Departmental Papers (MEAM)

Document Type

Conference Paper

Subject Area

GRASP

Date of this Version

July 2003

Comments

Postprint version. Proceedings of the 4th International Conference on Field and Service Robotics 2003 (FSR 2003), held 14-16 July 2003.

Abstract

We consider search and rescue applications in which heterogeneous groups of agents (humans, robots, static and mobile sensors) enter an unknown building and disperse while following gradients in temperature and concentration of toxins, and looking for immobile humans. The agents deploy the static sensors and maintain line of sight visibility and communication connectivity whenever possible. Since different agents have different sensors and therefore different pieces of information, communication is necessary for tasking the network, sharing information, and for control.

An ad-hoc network is formed by a group of mobile hosts upon a wireless local network interface. It is a temporary network formed without the aid of any established infrastructure or centralized administration. A sensor network consists of a collection of sensors and distributed over some area that form an ad-hoc network. Our heterogeneous teams of agents (sensors, robots, and humans) constitute distributed adaptive sensor networks and are well-suited for tasks in extreme environments, especially when the environmental model and the task specifications are uncertain and the system has to adapt to it. Applications of this work cover search and rescue for first responders, monitoring and surveillance, and infrastructure protection.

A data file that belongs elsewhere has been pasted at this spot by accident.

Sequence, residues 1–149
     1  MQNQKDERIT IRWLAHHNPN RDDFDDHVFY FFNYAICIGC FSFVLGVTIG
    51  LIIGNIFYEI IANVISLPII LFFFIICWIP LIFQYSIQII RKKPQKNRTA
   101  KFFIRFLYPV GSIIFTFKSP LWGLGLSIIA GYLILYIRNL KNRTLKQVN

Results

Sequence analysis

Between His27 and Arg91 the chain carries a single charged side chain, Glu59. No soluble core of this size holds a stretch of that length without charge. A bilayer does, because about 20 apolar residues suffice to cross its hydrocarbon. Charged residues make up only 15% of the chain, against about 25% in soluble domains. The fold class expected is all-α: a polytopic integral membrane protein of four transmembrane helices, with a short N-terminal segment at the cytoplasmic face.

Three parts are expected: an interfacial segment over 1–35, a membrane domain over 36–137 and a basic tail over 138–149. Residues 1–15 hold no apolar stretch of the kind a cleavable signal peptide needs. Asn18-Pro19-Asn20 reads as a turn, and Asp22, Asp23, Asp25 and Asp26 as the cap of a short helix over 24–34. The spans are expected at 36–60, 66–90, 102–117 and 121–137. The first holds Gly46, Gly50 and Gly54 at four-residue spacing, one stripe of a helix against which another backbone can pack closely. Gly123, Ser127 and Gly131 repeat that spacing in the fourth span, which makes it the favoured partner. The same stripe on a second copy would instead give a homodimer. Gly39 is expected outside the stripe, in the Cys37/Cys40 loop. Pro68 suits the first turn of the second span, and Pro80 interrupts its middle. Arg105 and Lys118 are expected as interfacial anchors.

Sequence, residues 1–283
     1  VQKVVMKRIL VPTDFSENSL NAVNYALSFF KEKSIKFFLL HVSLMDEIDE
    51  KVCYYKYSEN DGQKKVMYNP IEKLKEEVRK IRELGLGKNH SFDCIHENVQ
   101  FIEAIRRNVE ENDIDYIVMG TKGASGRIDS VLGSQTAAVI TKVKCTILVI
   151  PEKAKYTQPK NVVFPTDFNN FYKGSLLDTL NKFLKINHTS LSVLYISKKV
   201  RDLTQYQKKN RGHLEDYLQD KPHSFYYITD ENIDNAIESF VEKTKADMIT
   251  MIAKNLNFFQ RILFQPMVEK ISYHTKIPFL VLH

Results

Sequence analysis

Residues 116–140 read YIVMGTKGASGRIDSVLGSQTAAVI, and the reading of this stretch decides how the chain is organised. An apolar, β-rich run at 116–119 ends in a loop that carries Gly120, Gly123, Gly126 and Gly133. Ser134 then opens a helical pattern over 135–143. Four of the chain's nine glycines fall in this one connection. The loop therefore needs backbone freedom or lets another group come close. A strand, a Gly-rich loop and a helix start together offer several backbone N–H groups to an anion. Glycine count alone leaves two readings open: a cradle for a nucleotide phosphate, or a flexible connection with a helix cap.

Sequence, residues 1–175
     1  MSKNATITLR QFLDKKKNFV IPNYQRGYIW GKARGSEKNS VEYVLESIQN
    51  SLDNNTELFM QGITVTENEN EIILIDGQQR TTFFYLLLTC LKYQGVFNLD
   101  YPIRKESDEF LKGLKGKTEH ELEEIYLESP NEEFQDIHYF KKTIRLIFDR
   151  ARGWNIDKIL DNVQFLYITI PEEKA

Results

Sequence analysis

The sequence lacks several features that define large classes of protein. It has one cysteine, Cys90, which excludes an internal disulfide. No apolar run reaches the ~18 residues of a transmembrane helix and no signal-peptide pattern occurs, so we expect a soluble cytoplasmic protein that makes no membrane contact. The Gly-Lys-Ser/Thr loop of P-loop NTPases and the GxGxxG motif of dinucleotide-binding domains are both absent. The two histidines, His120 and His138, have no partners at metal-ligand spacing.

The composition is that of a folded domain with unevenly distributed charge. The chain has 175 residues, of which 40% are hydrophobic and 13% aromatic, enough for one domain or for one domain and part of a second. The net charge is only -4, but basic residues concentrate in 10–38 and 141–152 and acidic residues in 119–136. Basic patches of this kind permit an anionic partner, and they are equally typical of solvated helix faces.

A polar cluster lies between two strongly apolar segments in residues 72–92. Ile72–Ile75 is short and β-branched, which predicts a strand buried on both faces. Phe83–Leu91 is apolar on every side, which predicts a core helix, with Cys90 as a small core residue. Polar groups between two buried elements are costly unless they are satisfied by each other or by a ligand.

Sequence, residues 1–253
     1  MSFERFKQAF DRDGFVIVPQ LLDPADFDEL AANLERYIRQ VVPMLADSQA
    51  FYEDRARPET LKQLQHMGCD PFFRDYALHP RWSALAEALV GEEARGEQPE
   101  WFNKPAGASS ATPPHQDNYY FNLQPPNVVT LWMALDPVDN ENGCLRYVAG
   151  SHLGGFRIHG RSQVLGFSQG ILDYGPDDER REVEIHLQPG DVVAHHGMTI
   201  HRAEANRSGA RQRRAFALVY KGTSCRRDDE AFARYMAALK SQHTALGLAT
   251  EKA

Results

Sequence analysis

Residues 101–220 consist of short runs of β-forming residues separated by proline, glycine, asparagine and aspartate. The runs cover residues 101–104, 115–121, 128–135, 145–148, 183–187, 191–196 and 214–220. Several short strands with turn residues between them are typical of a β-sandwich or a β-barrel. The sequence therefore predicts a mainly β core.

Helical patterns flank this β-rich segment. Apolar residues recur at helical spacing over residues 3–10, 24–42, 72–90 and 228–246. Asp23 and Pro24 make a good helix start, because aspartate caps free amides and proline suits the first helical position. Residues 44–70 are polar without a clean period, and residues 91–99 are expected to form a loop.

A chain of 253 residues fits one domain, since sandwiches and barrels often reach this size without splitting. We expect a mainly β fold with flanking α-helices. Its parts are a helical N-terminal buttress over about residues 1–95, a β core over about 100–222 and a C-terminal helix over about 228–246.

We combine networking, sensing, and control to control the flow of information in search and rescue in unknown environments. Specifically, this research examines (1) localization in an environment with no infrastructure such as a burning building (for both sensors and robots) (2) information flow across a sensor network that can localize on the fly for delivering the most relevant and current information to its consumer, maintaining current maps, and automating localization; (3) using feedback from the sensor network to control the autonomous robots for placing sensors, collecting data from sensors, and locating targets; and (4) delivering the information gathered from the sensor network (integrated as a global picture) to human users. The paper will detail our technical results in these 4 areas and describe an integrated experiment for navigation in burning buildings.

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Date Posted: 09 November 2005